What You Need to Know When Buying a House in Florida
Different states have their own laws and practices when it comes to purchasing a house. In Florida, below are the most important things you should know:
Working with an Agent
When buying a house, condo, or any other home in Florida, hire a trustworthy real estate agent who can help you search for properties and take care of all the complicated procedures involved in the purchase. A real estate agent gives you a range of advantages, from neighborhood market knowledge to negotiating ability and more. Best thing is, they won’t cost you a thing. The seller generally covers the entire real estate commission (around 5% to 6% of the house sale price, to be divided between your agent and the seller’s).
What Has Changed Recently With Houses?
Getting To The Point – Homes
Based on state law in Florida, sellers must disclose any facts or conditions true to their property that have a considerable impact on its value and which others cannot easily notice. Seller disclosures are extremely important for you as a buyer, because simply just looking at a property will not be enough to reveal what issues its owner has encountered with it. On top of that, sellers of houses constructed prior to 1978 should comply with federal Title X disclosures that pertain to lead-based paint and hazards.
Buyers should not exclusively depend on the seller’s disclosures, however, but instead must hire an independent home inspector who can verify the information indicated in the seller’s disclosure. Most buyers’ offers are based on a satisfactory inspection report to make sure that there are no material defects and other such issues as erosion; plumbing, HVAC electrical and electrical irregularities; termites and other pets; and so on.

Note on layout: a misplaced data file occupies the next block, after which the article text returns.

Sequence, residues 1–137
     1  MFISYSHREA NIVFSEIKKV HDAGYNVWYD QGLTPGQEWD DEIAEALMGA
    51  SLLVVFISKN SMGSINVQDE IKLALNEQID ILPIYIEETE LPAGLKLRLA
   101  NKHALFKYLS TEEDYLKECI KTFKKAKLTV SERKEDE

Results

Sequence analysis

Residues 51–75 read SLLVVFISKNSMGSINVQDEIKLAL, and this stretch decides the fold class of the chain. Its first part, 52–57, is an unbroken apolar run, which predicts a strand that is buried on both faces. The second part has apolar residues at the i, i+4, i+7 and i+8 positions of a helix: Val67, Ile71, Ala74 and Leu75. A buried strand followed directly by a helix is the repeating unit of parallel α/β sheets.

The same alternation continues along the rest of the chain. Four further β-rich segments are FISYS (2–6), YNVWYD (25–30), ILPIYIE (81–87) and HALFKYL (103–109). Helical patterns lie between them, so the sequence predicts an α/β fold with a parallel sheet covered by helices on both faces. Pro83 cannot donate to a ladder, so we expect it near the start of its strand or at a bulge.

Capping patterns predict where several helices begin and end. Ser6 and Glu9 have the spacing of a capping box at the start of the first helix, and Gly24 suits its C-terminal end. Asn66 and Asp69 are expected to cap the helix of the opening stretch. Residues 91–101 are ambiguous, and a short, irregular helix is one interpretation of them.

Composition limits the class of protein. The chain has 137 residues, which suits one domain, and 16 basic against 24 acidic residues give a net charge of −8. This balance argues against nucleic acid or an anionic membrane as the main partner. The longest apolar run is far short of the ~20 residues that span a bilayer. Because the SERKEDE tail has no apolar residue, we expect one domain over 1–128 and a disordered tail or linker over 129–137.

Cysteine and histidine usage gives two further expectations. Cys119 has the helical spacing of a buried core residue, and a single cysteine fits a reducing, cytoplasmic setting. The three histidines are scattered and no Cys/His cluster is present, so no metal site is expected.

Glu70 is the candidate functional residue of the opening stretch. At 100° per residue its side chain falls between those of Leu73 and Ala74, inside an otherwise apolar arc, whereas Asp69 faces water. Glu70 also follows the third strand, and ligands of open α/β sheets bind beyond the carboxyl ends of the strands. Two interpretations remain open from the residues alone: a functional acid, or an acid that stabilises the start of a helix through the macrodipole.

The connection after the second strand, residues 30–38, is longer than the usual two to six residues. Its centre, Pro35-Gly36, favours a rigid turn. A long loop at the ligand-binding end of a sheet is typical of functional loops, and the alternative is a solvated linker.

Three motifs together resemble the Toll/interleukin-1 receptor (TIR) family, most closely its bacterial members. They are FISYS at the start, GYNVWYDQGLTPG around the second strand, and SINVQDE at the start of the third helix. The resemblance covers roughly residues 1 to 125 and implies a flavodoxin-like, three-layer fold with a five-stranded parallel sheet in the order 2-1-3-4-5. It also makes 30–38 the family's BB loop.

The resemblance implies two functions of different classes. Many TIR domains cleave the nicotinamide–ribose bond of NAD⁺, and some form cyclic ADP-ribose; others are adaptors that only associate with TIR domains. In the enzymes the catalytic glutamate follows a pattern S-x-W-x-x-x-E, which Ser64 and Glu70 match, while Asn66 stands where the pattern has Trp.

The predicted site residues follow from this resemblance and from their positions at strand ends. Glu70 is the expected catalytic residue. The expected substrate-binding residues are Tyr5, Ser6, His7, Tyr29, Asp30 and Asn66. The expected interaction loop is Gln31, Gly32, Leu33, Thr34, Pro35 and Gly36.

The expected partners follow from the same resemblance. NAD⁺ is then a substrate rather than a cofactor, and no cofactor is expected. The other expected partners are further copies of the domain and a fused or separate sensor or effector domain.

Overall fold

Real Estate Purchase Agreements
A purchase agreement is a legal document containing all the material terms and conditions of the real estate transaction. It must be signed by both the buyer and the seller, and include an offer to buy or sell, an acceptance of the offer, the sale price, and an accurate and sufficient property description.
A buyer needs to get a title search from a title company before they purchase a home. The title company scans public records and other sources for liens, easements or other encumbrances or title restrictions that have a bearing on the property. As well, it’s worth considering getting a title insurance policy to protect the title from adverse third-party claims, or any problems the title search might have missed.
Working With a Lawyer
Finally, in contrast other states, Florida does not require home buyers to use a lawyer. However, even if it’s not required, you may just decide to get one at a certain point in the process–for instance, if you are buying property in a planned unit development with confusing CC&Rs, or if you are jointly buying a house and need help creating your co-buyer agreement.